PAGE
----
Hobbs WE, Moore EE, Penkala RA, Bolgiano DD, Lopez JA. Cocaine and specific cocaine metabolites induce von Willebrand factor release from endothelial cells in a tissue-specific manner. Arterioscler Thromb Vasc Biol. 2013;33(6):1230–7.
Dayananda KM, Singh I, Mondal N, Neelamegham S. von Willebrand factor self-association on platelet GpIbalpha under hydrodynamic shear: effect on shear-induced platelet activation. Blood. 2010;116(19):3990–8.
Li Y, Li L, Dong F, Guo L, Hou Y, Hu H, Yan S, Zhou X, Liao L, Allen TD, et al. Plasma von Willebrand factor level is transiently elevated in a rat model of acute myocardial infarction. Exp Ther Med. 2015;10(5):1743–9.
Andre P, Denis CV, Ware J, Saffaripour S, Hynes RO, Ruggeri ZM, Wagner DD. Platelets adhere to and translocate on von Willebrand factor presented by endothelium in stimulated veins. Blood. 2000;96(10):3322–8.
Matsukawa M, Kaikita K, Soejima K, Fuchigami S, Nakamura Y, Honda T, Tsujita K, Nagayoshi Y, Kojima S, Shimomura H, et al. Serial changes in von Willebrand factor-cleaving protease (ADAMTS13) and prognosis after acute myocardial infarction. Am J Cardiol. 2007;100(5):758–63.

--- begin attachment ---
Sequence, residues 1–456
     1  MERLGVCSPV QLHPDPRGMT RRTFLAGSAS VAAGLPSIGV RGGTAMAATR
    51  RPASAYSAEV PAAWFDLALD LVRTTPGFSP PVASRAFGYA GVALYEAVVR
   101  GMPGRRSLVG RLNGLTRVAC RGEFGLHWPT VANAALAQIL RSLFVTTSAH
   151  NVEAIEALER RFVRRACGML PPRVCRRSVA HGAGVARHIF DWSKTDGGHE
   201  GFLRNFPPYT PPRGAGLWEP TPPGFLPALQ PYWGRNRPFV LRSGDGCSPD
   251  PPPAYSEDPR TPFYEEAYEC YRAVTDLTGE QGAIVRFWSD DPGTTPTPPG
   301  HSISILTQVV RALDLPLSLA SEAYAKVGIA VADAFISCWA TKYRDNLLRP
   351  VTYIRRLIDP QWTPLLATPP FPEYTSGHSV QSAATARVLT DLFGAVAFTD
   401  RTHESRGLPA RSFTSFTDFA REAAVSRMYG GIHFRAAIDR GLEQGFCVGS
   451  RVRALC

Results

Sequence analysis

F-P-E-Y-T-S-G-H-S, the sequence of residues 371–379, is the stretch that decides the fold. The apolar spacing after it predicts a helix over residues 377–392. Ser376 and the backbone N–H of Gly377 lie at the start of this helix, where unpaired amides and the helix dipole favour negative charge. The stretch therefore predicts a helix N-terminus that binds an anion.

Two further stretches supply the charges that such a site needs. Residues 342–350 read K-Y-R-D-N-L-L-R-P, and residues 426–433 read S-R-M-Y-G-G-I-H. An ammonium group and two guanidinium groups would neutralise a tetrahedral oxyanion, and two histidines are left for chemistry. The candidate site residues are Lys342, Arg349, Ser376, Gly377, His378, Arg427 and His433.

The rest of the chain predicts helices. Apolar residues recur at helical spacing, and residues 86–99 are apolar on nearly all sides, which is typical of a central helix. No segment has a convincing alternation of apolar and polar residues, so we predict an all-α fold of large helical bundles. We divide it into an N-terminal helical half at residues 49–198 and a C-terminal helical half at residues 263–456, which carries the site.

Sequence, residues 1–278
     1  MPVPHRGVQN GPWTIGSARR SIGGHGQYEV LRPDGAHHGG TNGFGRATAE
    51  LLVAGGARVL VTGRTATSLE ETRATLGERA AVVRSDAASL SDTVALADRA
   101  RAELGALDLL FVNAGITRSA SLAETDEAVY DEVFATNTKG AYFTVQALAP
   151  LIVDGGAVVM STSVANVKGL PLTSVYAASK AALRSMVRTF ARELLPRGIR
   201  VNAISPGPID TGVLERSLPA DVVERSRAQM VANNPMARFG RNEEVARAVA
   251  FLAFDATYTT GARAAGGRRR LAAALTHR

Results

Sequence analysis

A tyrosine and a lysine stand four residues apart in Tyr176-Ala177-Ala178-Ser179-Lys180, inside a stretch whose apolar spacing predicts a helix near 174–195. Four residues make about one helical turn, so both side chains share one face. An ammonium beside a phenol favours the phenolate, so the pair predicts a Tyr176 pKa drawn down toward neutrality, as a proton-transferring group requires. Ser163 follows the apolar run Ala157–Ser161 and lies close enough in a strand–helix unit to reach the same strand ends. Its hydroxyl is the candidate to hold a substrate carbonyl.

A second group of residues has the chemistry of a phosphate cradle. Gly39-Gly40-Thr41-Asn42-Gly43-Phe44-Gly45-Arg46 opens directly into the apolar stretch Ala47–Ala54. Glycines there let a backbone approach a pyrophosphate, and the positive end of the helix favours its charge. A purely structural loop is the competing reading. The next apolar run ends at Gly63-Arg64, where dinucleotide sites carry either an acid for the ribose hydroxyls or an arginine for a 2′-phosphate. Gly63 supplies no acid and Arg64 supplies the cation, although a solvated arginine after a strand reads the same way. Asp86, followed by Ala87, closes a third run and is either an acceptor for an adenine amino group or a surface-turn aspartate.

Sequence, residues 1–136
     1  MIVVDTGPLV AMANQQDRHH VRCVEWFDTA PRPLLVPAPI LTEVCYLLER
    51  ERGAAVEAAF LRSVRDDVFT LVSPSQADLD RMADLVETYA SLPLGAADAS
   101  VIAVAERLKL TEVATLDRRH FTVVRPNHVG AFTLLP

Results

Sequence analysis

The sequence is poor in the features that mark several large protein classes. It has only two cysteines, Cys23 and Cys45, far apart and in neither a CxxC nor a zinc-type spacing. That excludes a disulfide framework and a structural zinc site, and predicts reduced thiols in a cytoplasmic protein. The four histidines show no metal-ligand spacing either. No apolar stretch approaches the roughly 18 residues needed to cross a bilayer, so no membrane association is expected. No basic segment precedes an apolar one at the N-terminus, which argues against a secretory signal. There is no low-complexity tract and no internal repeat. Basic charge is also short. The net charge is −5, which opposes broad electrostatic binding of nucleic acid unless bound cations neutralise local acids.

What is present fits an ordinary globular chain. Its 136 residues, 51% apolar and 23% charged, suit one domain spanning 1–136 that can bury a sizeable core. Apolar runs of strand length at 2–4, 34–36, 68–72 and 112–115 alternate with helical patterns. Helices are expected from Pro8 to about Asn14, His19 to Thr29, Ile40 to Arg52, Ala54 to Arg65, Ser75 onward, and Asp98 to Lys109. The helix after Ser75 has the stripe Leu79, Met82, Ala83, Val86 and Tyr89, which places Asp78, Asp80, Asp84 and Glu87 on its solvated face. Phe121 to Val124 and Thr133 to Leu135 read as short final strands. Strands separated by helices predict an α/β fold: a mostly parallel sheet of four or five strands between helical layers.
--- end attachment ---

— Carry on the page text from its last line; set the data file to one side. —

Danesh J, Wheeler JG, Hirschfield GM, Eda S, Eiriksdottir G, Rumley A, Lowe GD, Pepys MB, Gudnason V. C-reactive protein and other circulating markers of inflammation in the prediction of coronary heart disease. N Engl J Med. 2004;350(14):1387–97.
Gragnano F, Sperlongano S, Golia E, Natale F, Bianchi R, Crisci M, Fimiani F, Pariggiano I, Diana V, Carbone A, et al. The role of von Willebrand factor in vascular inflammation: from pathogenesis to targeted therapy. Mediat Inflamm. 2017;2017:5620314.
Roquer J, Segura T, Serena J, Castillo J. Endothelial dysfunction, vascular disease and stroke: the ARTICO study. Cerebrovasc Dis. 2009;27(Suppl 1):25–37.
Vischer UM. von Willebrand factor, endothelial dysfunction, and cardiovascular disease. J Thromb Haemost. 2006;4(6):1186–93.